She was thinking of getting out of the music business entirely, when a Decca Records executive asked her if she’d cut a record. She said yes, since they would pay her $125 for the session, but she didn’t think it would go anywhere. So Kitty Wells cut “It Wasn’t God Who Made Honky Tonk Angels” and it wasn’t much longer before she became the first queen of country music. The proto-feminist song was controversial but paved the way Loretta Lynn, Dolly Parton and other independent thinking female country singers. Wells became the first female to top the country chart and then had an amazing run of chart success from 1952 through 1969. She blazed trails all the time. For example, she was the first female country singer to record a full album. Her influence resonated for decades, as shown by her appearance on k.d. lang’s Shadowland album (along with Brenda Lee and Loretta Lynn). Nowadays, she’s not remembered enough, but her impact cannot be understated. Let’s pay tribute to Kitty by grabbing your iPod or MP3 player, hitting shuffle, and sharing the first 10 songs that come up.
TV On The Radio – Red Dress (Dear Science): I ignored TV On The Radio when they took off, based on a lackluster performance as a support act for some band I liked better at the Empty Bottle. So it took a while for me to discover that the mix of soulful vocals, funk and post-punk, with an extra dab of artiness was something that I should be listening to. This song is like a blend of afro-pop, Talking Heads, Sly & The Family Stone and something else that I can’t quite identify at the moment.
Slant 6 – Become Your Ghost (Soda Pop Rip Off): Another Slant 6 appearance. More angular, post-punky stuff. This song is a simple guitar jangle-grind (if that’s possible) with a surprisingly sweet melody. Still an obvious debt to Wire, but that’s a good thing.
Nikki Jean – Rockaway (Pennies in a Jar): Nikki Jean is retro-pop soul artist who hit up on a cool gimmick for her debut album - collaborate with some of the greatest songwriters alive. She co-wrote this tune with Carole King, and this song has a nifty rhythm and the bridge to the chorus is vintage King. I thought this album was alright when I got it, but when a song from it pops up on my shuffle, I’m always impressed.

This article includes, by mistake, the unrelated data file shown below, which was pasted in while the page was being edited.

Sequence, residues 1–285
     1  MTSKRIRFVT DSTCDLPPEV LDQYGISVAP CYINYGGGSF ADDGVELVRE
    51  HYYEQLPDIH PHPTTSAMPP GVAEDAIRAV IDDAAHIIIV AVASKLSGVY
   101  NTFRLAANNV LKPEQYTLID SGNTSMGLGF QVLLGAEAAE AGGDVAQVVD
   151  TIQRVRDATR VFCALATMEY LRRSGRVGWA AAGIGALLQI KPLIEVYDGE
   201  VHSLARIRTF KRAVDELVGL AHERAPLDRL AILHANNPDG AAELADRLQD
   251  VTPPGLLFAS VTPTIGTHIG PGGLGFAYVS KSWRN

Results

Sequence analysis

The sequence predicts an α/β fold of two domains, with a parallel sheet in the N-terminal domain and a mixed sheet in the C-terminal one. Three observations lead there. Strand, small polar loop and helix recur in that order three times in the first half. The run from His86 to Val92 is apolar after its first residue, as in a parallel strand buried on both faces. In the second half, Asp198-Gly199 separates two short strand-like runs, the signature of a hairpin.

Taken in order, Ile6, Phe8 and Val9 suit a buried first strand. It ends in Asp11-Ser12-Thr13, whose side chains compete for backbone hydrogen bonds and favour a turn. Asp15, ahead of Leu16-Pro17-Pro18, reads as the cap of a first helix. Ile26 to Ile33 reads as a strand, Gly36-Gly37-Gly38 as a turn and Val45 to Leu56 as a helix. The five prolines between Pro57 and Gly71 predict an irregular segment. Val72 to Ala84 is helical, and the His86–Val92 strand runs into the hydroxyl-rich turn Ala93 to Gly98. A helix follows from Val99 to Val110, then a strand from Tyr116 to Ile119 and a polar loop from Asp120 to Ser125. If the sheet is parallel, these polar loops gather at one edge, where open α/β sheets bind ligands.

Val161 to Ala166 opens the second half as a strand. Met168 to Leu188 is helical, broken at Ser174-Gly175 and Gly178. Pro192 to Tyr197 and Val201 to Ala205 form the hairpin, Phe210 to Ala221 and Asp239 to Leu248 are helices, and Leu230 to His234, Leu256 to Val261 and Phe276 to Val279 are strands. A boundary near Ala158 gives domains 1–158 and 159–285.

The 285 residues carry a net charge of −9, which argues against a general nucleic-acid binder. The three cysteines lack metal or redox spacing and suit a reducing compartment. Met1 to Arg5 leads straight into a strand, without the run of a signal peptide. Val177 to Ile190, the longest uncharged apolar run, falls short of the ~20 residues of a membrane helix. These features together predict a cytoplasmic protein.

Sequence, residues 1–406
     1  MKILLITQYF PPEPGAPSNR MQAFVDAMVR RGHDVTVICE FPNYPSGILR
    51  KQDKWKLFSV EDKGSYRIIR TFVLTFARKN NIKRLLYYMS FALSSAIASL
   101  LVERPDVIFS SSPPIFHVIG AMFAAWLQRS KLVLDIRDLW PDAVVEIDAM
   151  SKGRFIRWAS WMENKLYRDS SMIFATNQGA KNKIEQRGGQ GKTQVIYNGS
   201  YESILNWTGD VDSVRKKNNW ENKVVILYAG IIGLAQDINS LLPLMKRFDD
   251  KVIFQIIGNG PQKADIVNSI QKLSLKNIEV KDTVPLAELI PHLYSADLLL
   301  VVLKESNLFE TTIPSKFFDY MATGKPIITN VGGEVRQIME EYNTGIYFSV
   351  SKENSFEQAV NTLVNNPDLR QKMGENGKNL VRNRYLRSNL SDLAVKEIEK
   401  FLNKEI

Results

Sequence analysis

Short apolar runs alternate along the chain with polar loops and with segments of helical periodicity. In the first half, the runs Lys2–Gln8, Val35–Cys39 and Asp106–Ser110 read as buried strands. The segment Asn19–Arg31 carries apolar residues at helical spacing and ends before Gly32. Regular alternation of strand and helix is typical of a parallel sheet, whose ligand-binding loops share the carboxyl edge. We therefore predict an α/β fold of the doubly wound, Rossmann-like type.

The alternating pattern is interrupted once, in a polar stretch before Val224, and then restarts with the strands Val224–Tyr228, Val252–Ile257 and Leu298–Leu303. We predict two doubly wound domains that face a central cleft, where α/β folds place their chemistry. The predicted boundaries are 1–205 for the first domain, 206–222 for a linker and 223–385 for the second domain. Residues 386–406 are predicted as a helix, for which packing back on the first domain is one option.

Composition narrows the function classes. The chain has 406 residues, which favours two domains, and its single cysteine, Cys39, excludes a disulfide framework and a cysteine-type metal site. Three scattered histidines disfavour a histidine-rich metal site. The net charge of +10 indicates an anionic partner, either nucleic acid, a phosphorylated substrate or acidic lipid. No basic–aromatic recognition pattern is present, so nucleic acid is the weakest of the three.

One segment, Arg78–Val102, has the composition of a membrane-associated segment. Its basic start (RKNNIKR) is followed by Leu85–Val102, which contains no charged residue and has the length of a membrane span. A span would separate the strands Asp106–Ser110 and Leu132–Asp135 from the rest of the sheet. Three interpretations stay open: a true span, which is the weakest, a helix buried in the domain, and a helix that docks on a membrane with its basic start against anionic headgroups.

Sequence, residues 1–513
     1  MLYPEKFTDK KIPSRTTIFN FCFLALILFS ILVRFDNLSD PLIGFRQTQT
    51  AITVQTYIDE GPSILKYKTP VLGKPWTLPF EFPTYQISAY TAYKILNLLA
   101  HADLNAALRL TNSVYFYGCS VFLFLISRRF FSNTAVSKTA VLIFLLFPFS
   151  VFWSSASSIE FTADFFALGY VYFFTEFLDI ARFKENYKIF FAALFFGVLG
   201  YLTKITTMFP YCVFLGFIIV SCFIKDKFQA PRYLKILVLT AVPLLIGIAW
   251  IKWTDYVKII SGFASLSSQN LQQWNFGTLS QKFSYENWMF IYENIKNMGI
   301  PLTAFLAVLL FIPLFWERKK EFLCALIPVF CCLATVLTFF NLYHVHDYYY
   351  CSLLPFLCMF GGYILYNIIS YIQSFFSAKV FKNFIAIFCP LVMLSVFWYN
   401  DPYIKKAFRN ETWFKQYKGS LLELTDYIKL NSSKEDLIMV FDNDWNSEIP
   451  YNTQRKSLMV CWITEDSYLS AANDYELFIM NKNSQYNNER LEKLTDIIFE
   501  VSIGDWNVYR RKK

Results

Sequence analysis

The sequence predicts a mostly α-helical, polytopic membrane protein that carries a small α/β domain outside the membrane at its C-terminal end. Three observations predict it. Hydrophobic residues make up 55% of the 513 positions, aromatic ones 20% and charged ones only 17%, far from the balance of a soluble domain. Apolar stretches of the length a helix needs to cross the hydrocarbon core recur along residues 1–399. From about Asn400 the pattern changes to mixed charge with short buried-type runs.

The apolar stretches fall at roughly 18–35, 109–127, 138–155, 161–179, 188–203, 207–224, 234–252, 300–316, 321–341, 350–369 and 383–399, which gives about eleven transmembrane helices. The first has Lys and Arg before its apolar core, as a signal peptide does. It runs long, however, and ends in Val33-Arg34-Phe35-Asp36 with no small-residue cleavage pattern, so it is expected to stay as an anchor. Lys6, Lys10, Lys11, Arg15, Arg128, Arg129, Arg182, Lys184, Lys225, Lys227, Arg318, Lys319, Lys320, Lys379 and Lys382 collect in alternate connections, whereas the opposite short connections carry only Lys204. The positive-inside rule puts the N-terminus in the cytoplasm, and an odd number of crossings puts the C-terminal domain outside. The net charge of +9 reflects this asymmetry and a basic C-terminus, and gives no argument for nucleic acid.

Too Much Joy – If I Was a Mekon (Son Of Sam I Am): The song starts with an audio clip from Jon Langford. This was a bonus cut on the CD reissue of their second album and it is a classic B-side. It’s catchy, fun and silly (which were all attributes of Too Much Joy), but not so well developed that it should have been on the album. Sample lyric: “If I was a Mekon/I would be from Leeds/If I was Mekon/maybe I could sleep with Sally.”
Warren Zevon – I’ll Sleep When I’m Dead (Stand In The Fire): The biggest problem with Warren Zevon’s live album is that it was only one disc. Zevon was a fiery performer and this album, while not perfect, does a nice job of capturing it. This is one of Zevon’s most fun early songs and it’s darned good.
Fools Face – Land of the Hunted (Tell America): An excellent track from the greatest American indie power pop album of the ‘80s. This is a crisp, new wavey number, with a sturdy bass line and a terrific drumming. Fools Face stood out by incorporating social commentary into their music, as on this song. Moreover, there constant gigging made them one of the tightest bands around, and this song must have killed live.
Roky Erickson featuring Okkervil River – Bring Back the Past (True Love Cast Out All Evil): Okkervil River’s backing is robust on this number from Roky’s fine comeback album. This song has a bounce that is akin to a lot of Richard Thompson material.
Killer Mike – Don’t Die (R.A.P. Music): This was my favorite hip hop album of 2012. El-P came up with some killer (how appropriate) music for Killer Mike to declaim his way through. This is a scary revenge fantasy where Mike goes after two racist cops, which Mike connects to the government’s hatred of rap music. Anger at its best.
Dwight Yoakam – Try Not to Look So Pretty (This Time): A slow honky tonk number from a darned good Dwight album, really his last big hit album. Musically, this is pretty solid, but I think beyond thinking of the title, the lyrics weren’t that well thought out.
Joni Mitchell – River (Blue): I’m not very well versed in Joni’s music, but I’ve picked up a few of her albums over the past few years. And Blue is a stunning effort, with Mitchell’s sophisticated compositions seeming to effortlessly pour out of her. This song melds singing styles of folk, jazz and pop in an amazing manner. Of course, it’s much easier when you can sing like Joni Mitchell.